The US announced on January 25 that it will send thirty-one M1 Abrams tanks to Ukraine. The tanks may take months or even years to arrive and may never see the battlefield. But that may never have been the intent.
The M1 Abrams is the main battle tank of the US military and is one of the most powerful and sophisticated tanks in the world. But, for Ukraine, that is both the advantage and the problem.
According to military analyst Daniel Davis, "it could take a year or more for all these Abrams to make it to Ukraine, so any expectations that these tanks will have an immediate impact on the fighting needs to be tempered."
In his comments announcing the decision, Biden said that delivering the tanks to Ukraine will "take time" without further specification.
Reporting ahead of the Biden administration’s announcement, the Associated Press said that "it could take months for the tanks to be delivered." Other reporting by the AP added that "it could take months or years for the tanks to be delivered." The longer estimate seems to be based on US intentions to purchase new tanks through the Ukraine Security Assistance Initiative package, which provides longer-range funding for weapons, rather than sending tanks from US stockpiles.
The tanks will be purchased from General Dynamics, the manufacturer of the tank. National Security Council spokesman, John Kirby, says it will take many months for General Dynamics to build them. Kirby says the US doesn’t have the extra tanks in its arsenal and "even if there were excess tanks it would still take many months anyway," suggesting that the unbuilt tanks will take even longer to arrive.
Though the announcement comes at a critical time of the war, with Russia capturing Soledar and closing in on Bahkmut, key regions in the battle for the Donbas, and with an expected upcoming Russian offensive, the estimated timelines suggest that the tanks will likely not be available to Ukraine on time to help.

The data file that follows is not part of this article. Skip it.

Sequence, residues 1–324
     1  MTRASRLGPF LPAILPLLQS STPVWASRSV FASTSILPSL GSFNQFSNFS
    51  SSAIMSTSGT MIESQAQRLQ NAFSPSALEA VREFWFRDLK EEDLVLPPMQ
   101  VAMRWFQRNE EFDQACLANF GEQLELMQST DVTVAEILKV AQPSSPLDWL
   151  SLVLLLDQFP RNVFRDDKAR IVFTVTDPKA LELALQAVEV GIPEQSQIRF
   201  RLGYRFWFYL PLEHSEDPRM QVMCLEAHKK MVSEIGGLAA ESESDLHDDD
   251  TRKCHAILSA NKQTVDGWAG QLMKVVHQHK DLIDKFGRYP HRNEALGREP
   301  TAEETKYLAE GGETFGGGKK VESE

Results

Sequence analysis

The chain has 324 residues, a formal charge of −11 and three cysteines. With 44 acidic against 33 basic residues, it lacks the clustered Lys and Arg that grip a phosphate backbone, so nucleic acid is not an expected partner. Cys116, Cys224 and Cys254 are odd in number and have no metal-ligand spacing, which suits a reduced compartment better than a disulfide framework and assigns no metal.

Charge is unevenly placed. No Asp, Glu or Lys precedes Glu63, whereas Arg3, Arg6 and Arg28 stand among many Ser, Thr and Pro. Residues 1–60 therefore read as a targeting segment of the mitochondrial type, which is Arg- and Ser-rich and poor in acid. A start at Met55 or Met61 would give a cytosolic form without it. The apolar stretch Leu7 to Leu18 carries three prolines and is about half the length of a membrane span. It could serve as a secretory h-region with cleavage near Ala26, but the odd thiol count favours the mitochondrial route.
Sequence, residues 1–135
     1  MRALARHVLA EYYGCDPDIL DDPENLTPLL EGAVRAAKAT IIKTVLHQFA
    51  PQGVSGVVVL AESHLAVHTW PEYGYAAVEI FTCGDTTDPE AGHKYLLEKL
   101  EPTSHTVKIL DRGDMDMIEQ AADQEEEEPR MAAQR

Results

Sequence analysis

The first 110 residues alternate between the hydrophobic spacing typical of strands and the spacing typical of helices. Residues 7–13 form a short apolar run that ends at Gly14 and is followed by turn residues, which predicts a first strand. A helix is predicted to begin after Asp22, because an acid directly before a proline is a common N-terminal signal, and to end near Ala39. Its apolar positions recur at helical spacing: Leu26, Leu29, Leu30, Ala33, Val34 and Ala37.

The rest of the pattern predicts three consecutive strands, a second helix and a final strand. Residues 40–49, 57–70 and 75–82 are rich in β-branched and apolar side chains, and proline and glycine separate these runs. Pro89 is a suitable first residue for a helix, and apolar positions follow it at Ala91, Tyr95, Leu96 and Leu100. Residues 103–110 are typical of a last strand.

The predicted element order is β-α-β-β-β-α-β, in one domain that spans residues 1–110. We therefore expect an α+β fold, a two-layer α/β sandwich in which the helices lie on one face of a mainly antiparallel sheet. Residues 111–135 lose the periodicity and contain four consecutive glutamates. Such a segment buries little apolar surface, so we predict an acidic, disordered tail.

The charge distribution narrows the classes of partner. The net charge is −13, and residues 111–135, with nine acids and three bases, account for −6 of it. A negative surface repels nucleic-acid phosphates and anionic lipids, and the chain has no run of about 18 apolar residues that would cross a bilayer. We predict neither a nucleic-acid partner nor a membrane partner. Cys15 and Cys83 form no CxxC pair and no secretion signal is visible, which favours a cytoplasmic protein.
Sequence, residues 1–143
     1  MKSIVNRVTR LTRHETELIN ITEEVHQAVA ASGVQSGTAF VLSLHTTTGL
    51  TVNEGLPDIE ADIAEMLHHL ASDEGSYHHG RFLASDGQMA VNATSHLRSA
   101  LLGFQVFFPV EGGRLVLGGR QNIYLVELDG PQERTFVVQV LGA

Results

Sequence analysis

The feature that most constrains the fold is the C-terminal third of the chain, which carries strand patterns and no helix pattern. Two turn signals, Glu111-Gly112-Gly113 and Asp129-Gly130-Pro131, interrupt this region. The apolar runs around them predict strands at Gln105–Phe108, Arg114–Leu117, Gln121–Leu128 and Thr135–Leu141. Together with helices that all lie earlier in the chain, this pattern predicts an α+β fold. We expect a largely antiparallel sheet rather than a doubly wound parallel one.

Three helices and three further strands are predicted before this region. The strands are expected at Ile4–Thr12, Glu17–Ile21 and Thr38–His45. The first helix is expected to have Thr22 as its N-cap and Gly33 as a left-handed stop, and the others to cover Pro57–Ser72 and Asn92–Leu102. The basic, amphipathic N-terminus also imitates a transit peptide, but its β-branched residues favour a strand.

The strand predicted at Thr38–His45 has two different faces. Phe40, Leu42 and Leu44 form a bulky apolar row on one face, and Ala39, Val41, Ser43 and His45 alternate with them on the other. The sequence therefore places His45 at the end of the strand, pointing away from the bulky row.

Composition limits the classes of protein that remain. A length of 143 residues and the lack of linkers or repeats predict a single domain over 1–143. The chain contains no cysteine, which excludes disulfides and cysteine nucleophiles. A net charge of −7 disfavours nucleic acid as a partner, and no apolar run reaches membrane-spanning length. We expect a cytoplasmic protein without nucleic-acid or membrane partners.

But that may never have been the intention. The release of the Abrams tanks may not be intended for the current battlefield. Instead, it may have been a strategic diplomatic sleight of hand performed to allow Germany to release its more quickly available and practical Leopard 2 tanks.
The US may never have intended the Abrams tanks for the current war. They may not even be the right tanks for this war. Defense Secretary Lloyd Austin and Chairman of the Joint Chiefs of Staff Mark Milley had both "recommended against sending M1 Abrams tanks to Ukraine." In addition to "how long it takes to train personnel to operate the tanks and how difficult the tanks are to maintain," they have also said that the Abrams tanks "are not the right vehicles for the fight in Ukraine right now."
The US has said that maintenance of the high-tech tanks is very complex and that integrating the Abrams tanks into Ukraine’s combined operation will add significant logistical complexities. Undersecretary of defense for policy Colin Kahl told reporter that "The Abrams tank is very complicated. It’s expensive. It’s hard to train on. It has a jet engine. … It is not the easiest system to maintain." Austin has said that "we should not be providing the Ukrainians systems they can’t repair, they can’t sustain, and that they, over the long term, can’t afford, because it’s not helpful."
But if the Abrams tanks are not ideally suited to the current battlefield situation, and if they will likely not arrive on time, why is the US sending thirty-one of them to Ukraine?